If you were to tell me that you could turn the story of a student studying to be a jazz drummer into a exhilarating thriller of a film I’d say you’d be full of it. And then there’s “Whiplash.” A “music drama” that is every bit as exciting, dramatic, suspenseful, moving, and feels nothing you’d ever seen before. It’s almost Hitchcockian in its approach to enthrall you with this fascinating cat and mouse game between a borderline sadistic college music professor and an in-it-to-win-it student.
“Whiplash” is a movie about a young man who wants to be a great musician that shockingly isn’t even based on a true story. It stars the always charming Miles Teller (who constantly seems to play a similar, likeable character but brings something extra to this role) as Andrew Niemann who is a first year student at a prestigious music conservatory ready to fulfill his dream of being a great jazz drummer. He gets an opportunity to be an alternate drummer in the school’s jazz band headed by feared instructor Terrence Fletcher (a perfectly cast J.K. Simmons). Fletcher has interesting teaching methods to say the least. He’s a mean guy who’s all about no BS. We’re talking swearing, insulting, and borderline assaulting his students. Of course to say anything more about the relationship between Fletcher and Andrew would be spoil the suspenseful fun of the film.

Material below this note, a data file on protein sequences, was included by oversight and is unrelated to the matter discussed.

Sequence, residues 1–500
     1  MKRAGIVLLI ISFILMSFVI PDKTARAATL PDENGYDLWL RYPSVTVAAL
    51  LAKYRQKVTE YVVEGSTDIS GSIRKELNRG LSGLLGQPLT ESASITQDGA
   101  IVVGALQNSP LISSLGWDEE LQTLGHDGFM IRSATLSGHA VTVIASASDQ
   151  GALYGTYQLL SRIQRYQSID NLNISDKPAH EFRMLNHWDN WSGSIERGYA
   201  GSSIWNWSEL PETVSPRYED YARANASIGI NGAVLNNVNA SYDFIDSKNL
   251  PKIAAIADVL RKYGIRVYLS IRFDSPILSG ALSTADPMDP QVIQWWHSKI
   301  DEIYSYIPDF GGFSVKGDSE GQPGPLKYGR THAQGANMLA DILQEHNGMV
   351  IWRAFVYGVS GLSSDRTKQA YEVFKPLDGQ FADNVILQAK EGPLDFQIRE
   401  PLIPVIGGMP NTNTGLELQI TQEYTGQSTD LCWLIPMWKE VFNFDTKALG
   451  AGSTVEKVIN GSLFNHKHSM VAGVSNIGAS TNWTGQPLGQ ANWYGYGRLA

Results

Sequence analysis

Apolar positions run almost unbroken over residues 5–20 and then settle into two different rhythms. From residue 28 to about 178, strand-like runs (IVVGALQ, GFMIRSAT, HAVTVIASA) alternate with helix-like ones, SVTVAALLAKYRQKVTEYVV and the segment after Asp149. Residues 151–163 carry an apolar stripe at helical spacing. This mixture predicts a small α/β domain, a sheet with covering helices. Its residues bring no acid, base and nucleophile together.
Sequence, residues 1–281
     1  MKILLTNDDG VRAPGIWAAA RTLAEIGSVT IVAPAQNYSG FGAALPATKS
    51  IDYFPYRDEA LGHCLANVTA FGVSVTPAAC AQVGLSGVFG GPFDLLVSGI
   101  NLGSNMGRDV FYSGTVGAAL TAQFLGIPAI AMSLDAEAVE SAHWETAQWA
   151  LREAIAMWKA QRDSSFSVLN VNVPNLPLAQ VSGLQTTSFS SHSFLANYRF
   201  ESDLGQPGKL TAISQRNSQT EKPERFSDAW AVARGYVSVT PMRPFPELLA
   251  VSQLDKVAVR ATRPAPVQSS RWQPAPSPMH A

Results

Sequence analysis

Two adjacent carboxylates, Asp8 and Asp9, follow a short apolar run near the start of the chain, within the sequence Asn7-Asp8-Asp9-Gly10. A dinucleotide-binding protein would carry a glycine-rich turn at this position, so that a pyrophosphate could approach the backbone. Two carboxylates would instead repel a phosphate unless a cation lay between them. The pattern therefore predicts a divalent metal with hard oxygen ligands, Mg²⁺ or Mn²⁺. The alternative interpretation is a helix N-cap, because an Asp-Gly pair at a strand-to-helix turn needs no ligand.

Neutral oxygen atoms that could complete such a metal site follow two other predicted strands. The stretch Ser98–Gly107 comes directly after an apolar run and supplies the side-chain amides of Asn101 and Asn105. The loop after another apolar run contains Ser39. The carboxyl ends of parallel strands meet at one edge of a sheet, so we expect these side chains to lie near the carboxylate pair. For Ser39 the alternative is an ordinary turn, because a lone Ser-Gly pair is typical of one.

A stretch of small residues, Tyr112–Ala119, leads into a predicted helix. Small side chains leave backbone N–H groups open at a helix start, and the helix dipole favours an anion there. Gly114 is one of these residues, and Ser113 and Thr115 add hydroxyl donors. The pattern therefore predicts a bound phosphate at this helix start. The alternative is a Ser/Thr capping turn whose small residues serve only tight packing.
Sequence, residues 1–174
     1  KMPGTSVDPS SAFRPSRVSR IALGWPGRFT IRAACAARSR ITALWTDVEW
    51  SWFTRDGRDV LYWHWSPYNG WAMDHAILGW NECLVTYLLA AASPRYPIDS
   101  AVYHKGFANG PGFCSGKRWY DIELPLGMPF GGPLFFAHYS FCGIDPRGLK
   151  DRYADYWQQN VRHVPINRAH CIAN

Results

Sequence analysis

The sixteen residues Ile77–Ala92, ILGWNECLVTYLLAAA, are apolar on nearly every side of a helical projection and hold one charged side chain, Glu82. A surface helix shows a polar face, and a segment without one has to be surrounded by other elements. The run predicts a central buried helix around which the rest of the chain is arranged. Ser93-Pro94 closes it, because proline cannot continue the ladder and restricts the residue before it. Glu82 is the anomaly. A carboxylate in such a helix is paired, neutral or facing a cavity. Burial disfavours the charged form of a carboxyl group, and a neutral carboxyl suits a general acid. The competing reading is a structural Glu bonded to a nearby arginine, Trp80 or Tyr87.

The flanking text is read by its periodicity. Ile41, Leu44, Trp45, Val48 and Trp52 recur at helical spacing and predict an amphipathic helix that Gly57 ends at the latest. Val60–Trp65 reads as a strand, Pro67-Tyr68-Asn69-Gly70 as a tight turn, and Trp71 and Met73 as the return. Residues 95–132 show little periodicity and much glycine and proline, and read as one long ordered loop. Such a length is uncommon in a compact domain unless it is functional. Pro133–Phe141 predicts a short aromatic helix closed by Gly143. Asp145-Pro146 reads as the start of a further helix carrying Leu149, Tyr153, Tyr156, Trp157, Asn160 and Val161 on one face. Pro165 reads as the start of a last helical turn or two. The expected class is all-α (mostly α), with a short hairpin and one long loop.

The film is outstanding in a number of nearly perfect technical ways. The film has terrific direction from the relatively unknown Damien Chazelle who wrings out terrific, and captivate performances from its stars. As a director he makes every right decision at every possible moment. The camera placement, the colors, the editing: all top-notch. He wrings suspense out of scenes you’d never expect to be suspenseful. The tension that is created by the actors is palpable. We’re talking sweaty palms here. Simmons commands the screen and instantly goes down in cinematic history as portraying one film’s greatest onscreen villains. Of course, there’s a lot more to him than initially meets the eye. This is far from a one note performance. Teller is really a breakthrough as well, when Andrew’s hands bleed, you feel it too.
“Whiplash” is something truly to behold and a film that transcends the genre. When the film ends (and we’re talking a taut and perfectly paced 106 minutes, none of which are wasted) you want to applaud at the end. And it has enough suspense to fill three Marvel films. Everything about it is superb from the terrific jazz music and pitch perfect performances and deserves every single one of its Oscar nominations. It’s a thrilling delight whether you know anything about music or not; in other words, it’s a must-see. GRADE: A